A new study out this week aims to put a more individual spin on the mathematics behind tumor progression.
Niko Beerenwinkel and colleagues used a colon cancer case study to analyze how much particular gene mutations affect an individual’s tumor development. They found that current tumor progression models, which only looked at a few genes of interest, lacked the accuracy that a model based on a larger selection of gene mutations could provide.
Previously, doctors have relied heavily on standard mathematical formulas to derive predictions on how large individual tumors will grow in a particular amount of time. The article, which was published on November 9 in the Public Library of Science journal Computational Biology, may help explain the huge variation between individual tumors.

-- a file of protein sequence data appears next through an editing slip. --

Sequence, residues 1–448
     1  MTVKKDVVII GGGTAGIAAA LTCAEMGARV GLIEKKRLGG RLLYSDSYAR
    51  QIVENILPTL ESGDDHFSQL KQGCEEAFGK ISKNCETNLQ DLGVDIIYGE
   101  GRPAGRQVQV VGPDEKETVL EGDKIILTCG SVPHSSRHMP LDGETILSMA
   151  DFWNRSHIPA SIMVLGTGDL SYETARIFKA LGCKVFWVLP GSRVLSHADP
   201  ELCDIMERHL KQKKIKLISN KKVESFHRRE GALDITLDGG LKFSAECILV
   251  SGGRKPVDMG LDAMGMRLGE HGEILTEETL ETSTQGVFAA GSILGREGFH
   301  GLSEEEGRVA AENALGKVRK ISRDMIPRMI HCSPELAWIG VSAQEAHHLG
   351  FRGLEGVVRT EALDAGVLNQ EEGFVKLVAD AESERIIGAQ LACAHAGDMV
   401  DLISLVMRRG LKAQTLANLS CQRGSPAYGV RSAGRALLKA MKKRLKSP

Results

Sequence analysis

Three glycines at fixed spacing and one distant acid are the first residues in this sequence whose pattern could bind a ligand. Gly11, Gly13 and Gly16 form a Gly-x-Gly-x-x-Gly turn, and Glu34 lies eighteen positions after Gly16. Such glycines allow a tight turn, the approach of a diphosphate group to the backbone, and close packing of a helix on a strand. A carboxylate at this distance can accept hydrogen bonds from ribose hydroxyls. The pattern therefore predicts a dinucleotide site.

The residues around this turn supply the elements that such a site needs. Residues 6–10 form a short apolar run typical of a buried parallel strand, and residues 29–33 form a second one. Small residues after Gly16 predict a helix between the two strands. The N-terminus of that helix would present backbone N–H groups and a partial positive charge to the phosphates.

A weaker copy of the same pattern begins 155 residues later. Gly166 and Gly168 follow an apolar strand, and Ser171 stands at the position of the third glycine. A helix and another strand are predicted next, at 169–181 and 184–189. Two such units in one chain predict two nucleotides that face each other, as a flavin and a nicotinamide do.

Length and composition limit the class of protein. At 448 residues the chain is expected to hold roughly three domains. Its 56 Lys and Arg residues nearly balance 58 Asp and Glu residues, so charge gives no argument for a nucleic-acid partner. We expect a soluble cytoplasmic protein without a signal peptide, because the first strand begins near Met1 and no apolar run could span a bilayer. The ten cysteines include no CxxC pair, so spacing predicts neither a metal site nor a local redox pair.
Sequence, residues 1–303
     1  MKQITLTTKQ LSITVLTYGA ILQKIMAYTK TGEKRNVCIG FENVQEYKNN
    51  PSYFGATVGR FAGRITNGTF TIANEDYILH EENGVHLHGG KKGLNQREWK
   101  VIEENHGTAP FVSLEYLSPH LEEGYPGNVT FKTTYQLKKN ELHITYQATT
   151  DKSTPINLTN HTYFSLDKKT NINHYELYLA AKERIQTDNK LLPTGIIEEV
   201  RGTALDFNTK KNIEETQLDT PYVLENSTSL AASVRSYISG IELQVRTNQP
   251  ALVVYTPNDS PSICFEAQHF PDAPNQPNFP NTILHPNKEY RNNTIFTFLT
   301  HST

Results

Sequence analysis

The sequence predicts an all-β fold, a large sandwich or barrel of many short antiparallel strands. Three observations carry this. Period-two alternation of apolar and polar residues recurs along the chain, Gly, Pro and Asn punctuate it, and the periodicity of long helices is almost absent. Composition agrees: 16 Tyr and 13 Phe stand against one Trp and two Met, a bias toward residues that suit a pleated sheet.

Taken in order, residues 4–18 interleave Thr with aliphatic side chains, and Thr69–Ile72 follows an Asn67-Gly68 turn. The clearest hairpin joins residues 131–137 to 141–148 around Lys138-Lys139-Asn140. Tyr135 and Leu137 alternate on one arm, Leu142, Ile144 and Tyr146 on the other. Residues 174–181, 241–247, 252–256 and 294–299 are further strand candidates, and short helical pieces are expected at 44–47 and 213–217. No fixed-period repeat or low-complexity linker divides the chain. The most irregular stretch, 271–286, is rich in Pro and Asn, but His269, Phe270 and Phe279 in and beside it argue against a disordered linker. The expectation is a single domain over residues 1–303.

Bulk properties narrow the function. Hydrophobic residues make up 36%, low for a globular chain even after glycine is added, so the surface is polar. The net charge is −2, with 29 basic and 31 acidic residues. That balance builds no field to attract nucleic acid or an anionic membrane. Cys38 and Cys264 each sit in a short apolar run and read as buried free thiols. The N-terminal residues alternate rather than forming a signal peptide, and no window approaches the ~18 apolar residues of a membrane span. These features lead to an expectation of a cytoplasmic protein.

From the Public Library of Science:
Cancer progression proceeds stochastically from a single genetically altered cell to billions of invasive cells through a series of clonal expansions. According to their model, cancer progression is driven by mutations in many genes, each of which confers only a small selective advantage. It was found that the time it takes for a benign tumor to transform into a malignant tumor is dominated by the selective advantage per mutation and by the number of cancer genes, whereas tumor size and mutation rate have smaller impacts.
Despite my fear of calculus, I’ve always found tumor prediction models interesting. Computational biology systems just scream futuristic medicine to me, and I’ve seen them used in predicting tumor progression to locating genes of interest. Hopefully, physicians and researchers can harness the simulations to help find ways to manage and treat cancer as quickly as possible.
For more information about the new model system, see A new mathematical formula for cancer progression.